Camping is a great way to relieve some stress and spend time enjoying the great outdoors.

Some children complain about being taken from their video games or television programs, but the experience is one they will remember for a lifetime.

You don’t have to be an avid outdoorsman or spend a lot of money to go camping. Load your truck with a good tent, warm sleeping bag, and good food and you are on the road to a good time.  If it’s your first time out pick a spot that’s not too far, maybe about an hour away.

Check the internet for the best locations and book your spot to avoid disappointment when you get there. Most sites have attractive locations such as a lake, ocean, or a river close by that you can plan hikes together. This will provide family activities for the day.

A good tent will make the trip that more enjoyable. If you don’t own one then here a few things to know about them, A-frame tents are usually smaller and can sleep two or three. They have a screened door and a small-screened window to keep mosquitos out. Remember to close the door after entering or exiting or you will be sleeping with them.  Most A-framed tents come with a fly, which is waterproof material to cover the outside of the tent. If you’re camping on the coast bring a heavy duty tarp to help with the rain.

Dome tents utilize flexible poles that provide a strong structure when completed and can withstand stronger winds. You can also have larger dome tents that can be separated into rooms with hanging walls.

Cabin style tents are much heavier but provide much more headroom and more space, the down side to these tents are they are heavy, so plan on driving right to your campsite and you will be ok.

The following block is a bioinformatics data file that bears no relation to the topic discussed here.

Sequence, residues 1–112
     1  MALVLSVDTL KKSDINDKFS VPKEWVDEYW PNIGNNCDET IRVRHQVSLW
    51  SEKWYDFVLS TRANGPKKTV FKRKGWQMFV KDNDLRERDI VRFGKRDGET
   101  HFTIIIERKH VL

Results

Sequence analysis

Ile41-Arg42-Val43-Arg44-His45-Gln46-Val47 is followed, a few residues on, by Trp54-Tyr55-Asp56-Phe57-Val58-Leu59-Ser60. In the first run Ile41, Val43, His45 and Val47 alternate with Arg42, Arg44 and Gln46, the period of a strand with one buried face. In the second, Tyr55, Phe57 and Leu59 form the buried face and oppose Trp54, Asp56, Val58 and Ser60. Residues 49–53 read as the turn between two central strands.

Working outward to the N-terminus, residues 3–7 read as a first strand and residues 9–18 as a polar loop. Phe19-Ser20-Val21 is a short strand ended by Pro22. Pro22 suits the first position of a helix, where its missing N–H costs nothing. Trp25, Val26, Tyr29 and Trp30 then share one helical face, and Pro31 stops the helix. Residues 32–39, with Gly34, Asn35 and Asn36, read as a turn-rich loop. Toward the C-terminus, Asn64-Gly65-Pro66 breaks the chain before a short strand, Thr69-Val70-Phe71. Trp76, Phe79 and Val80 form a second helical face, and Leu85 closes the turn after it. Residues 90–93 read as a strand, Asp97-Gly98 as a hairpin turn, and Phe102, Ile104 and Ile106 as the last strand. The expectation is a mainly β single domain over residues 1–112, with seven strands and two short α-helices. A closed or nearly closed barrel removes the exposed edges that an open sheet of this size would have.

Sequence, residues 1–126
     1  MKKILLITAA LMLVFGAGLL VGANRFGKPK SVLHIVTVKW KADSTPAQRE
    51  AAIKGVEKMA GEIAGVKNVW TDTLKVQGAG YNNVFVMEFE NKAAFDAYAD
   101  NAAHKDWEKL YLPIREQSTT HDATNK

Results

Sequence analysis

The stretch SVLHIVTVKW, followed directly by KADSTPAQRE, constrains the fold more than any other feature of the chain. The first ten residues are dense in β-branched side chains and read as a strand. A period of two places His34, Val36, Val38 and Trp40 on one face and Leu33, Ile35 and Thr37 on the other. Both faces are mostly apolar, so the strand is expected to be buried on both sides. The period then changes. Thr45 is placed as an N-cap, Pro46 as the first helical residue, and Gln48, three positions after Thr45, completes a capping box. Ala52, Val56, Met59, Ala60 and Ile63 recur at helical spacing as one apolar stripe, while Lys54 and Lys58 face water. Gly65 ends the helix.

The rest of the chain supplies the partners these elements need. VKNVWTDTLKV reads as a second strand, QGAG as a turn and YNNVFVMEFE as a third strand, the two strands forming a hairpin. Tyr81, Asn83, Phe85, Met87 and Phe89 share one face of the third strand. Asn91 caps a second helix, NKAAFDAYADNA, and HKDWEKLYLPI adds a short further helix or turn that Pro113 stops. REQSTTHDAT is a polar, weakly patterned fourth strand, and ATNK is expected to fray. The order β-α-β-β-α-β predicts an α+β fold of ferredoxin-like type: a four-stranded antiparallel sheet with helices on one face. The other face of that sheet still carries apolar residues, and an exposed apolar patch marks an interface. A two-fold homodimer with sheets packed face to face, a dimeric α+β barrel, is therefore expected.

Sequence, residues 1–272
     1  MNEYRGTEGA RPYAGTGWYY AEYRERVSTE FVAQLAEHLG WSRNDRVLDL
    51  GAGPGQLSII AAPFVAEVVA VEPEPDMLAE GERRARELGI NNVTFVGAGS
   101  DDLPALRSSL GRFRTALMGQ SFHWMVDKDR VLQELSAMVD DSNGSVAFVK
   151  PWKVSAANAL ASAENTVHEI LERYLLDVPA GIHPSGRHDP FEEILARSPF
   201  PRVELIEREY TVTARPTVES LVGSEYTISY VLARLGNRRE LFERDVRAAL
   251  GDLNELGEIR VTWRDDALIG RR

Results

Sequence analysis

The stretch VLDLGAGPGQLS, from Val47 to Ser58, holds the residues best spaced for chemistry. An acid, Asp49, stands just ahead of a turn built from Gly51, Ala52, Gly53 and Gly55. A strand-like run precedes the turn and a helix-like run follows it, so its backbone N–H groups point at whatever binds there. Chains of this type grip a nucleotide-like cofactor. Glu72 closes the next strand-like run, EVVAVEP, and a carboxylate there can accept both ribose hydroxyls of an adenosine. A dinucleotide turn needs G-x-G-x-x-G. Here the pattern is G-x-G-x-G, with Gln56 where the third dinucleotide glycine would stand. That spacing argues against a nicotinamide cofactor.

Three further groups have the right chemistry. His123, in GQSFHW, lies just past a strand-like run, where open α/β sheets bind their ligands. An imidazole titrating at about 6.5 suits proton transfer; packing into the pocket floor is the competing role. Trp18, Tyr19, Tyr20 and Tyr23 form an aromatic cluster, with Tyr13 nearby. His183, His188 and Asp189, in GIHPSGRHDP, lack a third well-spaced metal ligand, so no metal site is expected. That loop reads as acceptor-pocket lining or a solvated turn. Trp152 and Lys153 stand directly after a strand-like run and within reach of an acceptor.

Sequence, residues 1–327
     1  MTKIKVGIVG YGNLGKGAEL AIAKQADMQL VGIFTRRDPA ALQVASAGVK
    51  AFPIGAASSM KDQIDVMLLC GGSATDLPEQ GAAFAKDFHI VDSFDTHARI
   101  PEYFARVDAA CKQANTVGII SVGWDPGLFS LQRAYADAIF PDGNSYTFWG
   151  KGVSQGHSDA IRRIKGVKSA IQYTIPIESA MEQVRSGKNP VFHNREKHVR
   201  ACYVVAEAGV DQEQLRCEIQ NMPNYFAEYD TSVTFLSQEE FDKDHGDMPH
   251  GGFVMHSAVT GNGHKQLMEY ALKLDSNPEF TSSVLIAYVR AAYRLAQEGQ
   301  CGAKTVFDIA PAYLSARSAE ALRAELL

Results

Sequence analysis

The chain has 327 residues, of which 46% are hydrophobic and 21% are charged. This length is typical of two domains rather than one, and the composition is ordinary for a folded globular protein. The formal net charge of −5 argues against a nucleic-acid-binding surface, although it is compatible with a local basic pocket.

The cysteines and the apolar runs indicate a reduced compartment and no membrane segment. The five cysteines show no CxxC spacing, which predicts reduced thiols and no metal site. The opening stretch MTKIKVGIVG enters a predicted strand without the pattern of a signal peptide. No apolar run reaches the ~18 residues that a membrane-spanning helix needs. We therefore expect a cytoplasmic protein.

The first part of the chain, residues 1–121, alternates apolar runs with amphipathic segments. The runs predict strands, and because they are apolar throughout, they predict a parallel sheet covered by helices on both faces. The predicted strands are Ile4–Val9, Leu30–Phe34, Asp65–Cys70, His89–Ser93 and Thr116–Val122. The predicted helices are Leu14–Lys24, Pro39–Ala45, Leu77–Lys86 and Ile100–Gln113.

I recommend shopping around to see the tent that best fits your needs remembering you need enough space for your family and gear. A sleeping pad or air mattress will help make a good sleeping bag feel more comfortable. Be sure to purchase one that is full length so you are not constantly rolling off during the night.

Preparing food is fun. For safety’s sake, make sure you set up your stove in a level area to avoid any mishaps. If it’s your first time then bring foods that are simple to prepare. A typical propane stove has two burners and a propane tank attached to the side. These are easy to clean and just as easy to pack away.

Remember to bring lots of garbage bags so you can either take it home with you or use proper facilities at your campsite. Be sure to put your food away in your car preferably so as not to attract unwanted animals. Clean the area before you go to give the next person the same experience you enjoyed on your camping adventure.

Contact: ian [dot] harwood [at] drivewaybc [dot] ca

Whether you tow a boat, car, snowmobiles, or motorcycles, custom truck accessories can make towing less nerve-wracking…

Camping season is almost upon us – well, maybe it already is – and it will soon be time to take that trailer out for some fun times.

But is it fun for the driver?